Built to Collide: Journalism Has Changed, Journalists Have Not
Journalists suck today. Really, really suck. An interesting point here is that most people think so. Every family has the Fox News watching crew, the bongo playing NPR fan, or maybe the business guy who’s way too into CNBC. It’s an interesting state of affairs when all of these types of people can readily admit that they sup of the poison. “Well I’m not a huge fan of Rachel Maddow but…” or perhaps “Bill O’Reilly isn’t always right…” they might even go with “Wolf Blitzer, I mean sometimes he drones on a bit…”
The model is outdated. We feel it in our bones. Let’s take the below image of Katie Couric and George Stephanopoulos as a prime example.
It really does beg, on bended knee even, the question: “Who in the actual fuck is the audience?” The answer is the advertisers.
Journalism has reached a point where the goal is not to convey important information to which you wouldn’t otherwise have access. Nope. Instead the goal is to grab you just long enough to show you an advertisement. We’ve known this for sometime but now it is painfully obvious. Why now?
News anchors were once a cultural phenomenon. Think about Walter Kronkite. It was these folks’ job to get information, to make sure it was accurate, and to give it to you. That was their product.
Guys (and mostly guys until Barbara Walters) began to hack out the role of news anchorman. (Here’s a quick article on the rise.) These folks were tracking all of the complicated movement of an increasing modern world. And you friend were free to go to work, play with the kids, pay your taxes, all while the professional newsman tracked down the leads, vetted them, and piped the synthesis straight into your living room as you smoked your pipe and ruminated on the day’s happenings.
It was the goal of the journalist to report, to the best of their ability, information about the world. What would have been the goal to exert a strong opinion, misinform or stretch the truth? Try to put yourself in that time and place.
Seems like there were two major things going on: 1) There was a sense that facts could be generally agreed upon. 2) The business model had not shifted to an advertising centric concept.
The first is interesting to reflect on particularly in today’s world. Where was one supposed to get facts if the newsman did not report them? Now put yourself in the anchor’s position. You, like they, would’ve felt a sense of immense responsibility. You would have been the guardian of good information. If people did not get the information from you, where then would they have gotten it?
And as for the business model, well, media companies sold media too. They made money in other ways than just clicks. And now they don’t.
With those two things having been completely remade in the modern landscape of journalism, the role of the journalist has changed both in function and in respect to how society views the role.
Facts depend on point of view and the only way a media company makes money today is to snack on your cookies. (If you know what I mean.)
The Reporter Becomes The Information Wrangler, The Anchor The Question Asker
The out of date modern journalist (Katie, Brian, George, and company) has misunderstood some very important changes. We now have the ability, as a population, to access as much information as we can possibly consume. There is no lack of info.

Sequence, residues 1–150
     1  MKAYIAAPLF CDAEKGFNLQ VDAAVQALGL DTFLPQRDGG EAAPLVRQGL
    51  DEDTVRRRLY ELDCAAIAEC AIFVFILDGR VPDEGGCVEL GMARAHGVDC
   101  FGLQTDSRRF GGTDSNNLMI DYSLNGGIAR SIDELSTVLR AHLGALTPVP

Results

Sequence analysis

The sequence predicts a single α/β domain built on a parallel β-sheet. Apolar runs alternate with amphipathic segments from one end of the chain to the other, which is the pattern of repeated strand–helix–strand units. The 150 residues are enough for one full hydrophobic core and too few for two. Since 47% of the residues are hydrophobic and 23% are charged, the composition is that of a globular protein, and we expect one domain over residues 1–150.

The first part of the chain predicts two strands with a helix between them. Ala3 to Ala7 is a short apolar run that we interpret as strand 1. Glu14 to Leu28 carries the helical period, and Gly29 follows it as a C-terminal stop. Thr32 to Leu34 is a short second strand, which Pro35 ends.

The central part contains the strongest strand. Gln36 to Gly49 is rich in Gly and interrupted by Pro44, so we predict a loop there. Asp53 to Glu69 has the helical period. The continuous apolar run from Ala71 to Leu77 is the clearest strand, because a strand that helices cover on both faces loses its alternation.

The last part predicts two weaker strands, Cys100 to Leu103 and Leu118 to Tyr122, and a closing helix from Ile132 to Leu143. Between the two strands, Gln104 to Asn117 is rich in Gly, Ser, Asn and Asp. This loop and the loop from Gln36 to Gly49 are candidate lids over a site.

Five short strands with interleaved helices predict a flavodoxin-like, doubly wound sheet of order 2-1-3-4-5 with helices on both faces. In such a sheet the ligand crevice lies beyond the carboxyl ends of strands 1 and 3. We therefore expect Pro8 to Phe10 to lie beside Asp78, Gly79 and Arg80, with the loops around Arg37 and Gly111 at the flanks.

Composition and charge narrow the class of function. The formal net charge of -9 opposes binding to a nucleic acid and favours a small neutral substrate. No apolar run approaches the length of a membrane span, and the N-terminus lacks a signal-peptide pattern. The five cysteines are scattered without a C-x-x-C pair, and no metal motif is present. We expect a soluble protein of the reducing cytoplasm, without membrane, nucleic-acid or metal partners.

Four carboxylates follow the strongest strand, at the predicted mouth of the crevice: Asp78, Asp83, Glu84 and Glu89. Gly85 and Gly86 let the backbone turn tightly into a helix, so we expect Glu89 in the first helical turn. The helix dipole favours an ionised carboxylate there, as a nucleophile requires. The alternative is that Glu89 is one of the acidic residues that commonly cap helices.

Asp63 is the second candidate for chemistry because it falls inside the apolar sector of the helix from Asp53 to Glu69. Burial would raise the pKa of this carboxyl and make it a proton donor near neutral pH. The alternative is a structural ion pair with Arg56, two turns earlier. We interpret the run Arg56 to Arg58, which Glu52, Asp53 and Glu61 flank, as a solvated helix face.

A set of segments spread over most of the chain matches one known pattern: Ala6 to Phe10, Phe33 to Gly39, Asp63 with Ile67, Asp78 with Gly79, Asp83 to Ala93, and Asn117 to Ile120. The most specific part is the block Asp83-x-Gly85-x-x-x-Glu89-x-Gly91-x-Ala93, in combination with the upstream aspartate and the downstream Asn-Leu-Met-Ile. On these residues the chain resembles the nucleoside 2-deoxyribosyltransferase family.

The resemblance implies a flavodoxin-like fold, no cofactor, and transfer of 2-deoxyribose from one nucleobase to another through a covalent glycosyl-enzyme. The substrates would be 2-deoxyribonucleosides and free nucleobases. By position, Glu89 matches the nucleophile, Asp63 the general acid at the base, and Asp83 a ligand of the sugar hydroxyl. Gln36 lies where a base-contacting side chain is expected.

Within this context the role of the journalist has changed.
The reporter becomes the Information Wrangler. The anchor becomes the Question Asker. Reporters need not provide opinion on something unfolding, they need to verify that what is happening in some far off corner of the world is actually happening. Do not tell me what it means that the youth in Egypt want things to change, instead, tell me that there are protests led by people that appear to be young. Do not synthesize, just wrangle information and put it one place. Help me understand that this information is real. Show be the explosion in Beirut. Don’t tell me why it is happening.
THEN, and THEN let’s move to step two.
Hey Anchors, don’t lead me. Instead, just present many different ways to think about what is happening. Bring me up to speed by asking questions. Be judged on your questions, do not be judged on your ability to synthesize. I don’t need you to do that…I just need to know that what I have seen is real and that there are many perspectives. And do us all a huge favor, try to be forthcoming about your political and social leanings.
Do these things or do not complain when you are relegated to this:
Perhaps journalists will be measured by their ability to be honest with themselves….and to be forthcoming about their personal beliefs. Everyone can get on board with someone having an opinion. Sleight of hand though, not in 2020. Otherwise you are just a shitty click gladiator.
Reporters pipe info like this:
And anchors ask questions like this:
Guys and gals like Rogan will continue to win because they present as human beings that are actively thinking through the information they are being present with. Not as a suited, know-it-all whose opinion is worth more than yours.
Openness reveals vulnerability. This can engender a connection which leads to discussion.
In a post fact world (oh a bomb right before sign off!) discussion matters.
Otherwise, we are just engineering information to collide. And if it’s built to collide, there will be damage….lots and lots of damage.
Culture moves fast and creates chaos, all chaos is not bad. Here’s hoping we can push the old journalistic paradigm off a cliff and lean into the reporters that bring fresh, real information and anchors that sort through it in full view of their audiences.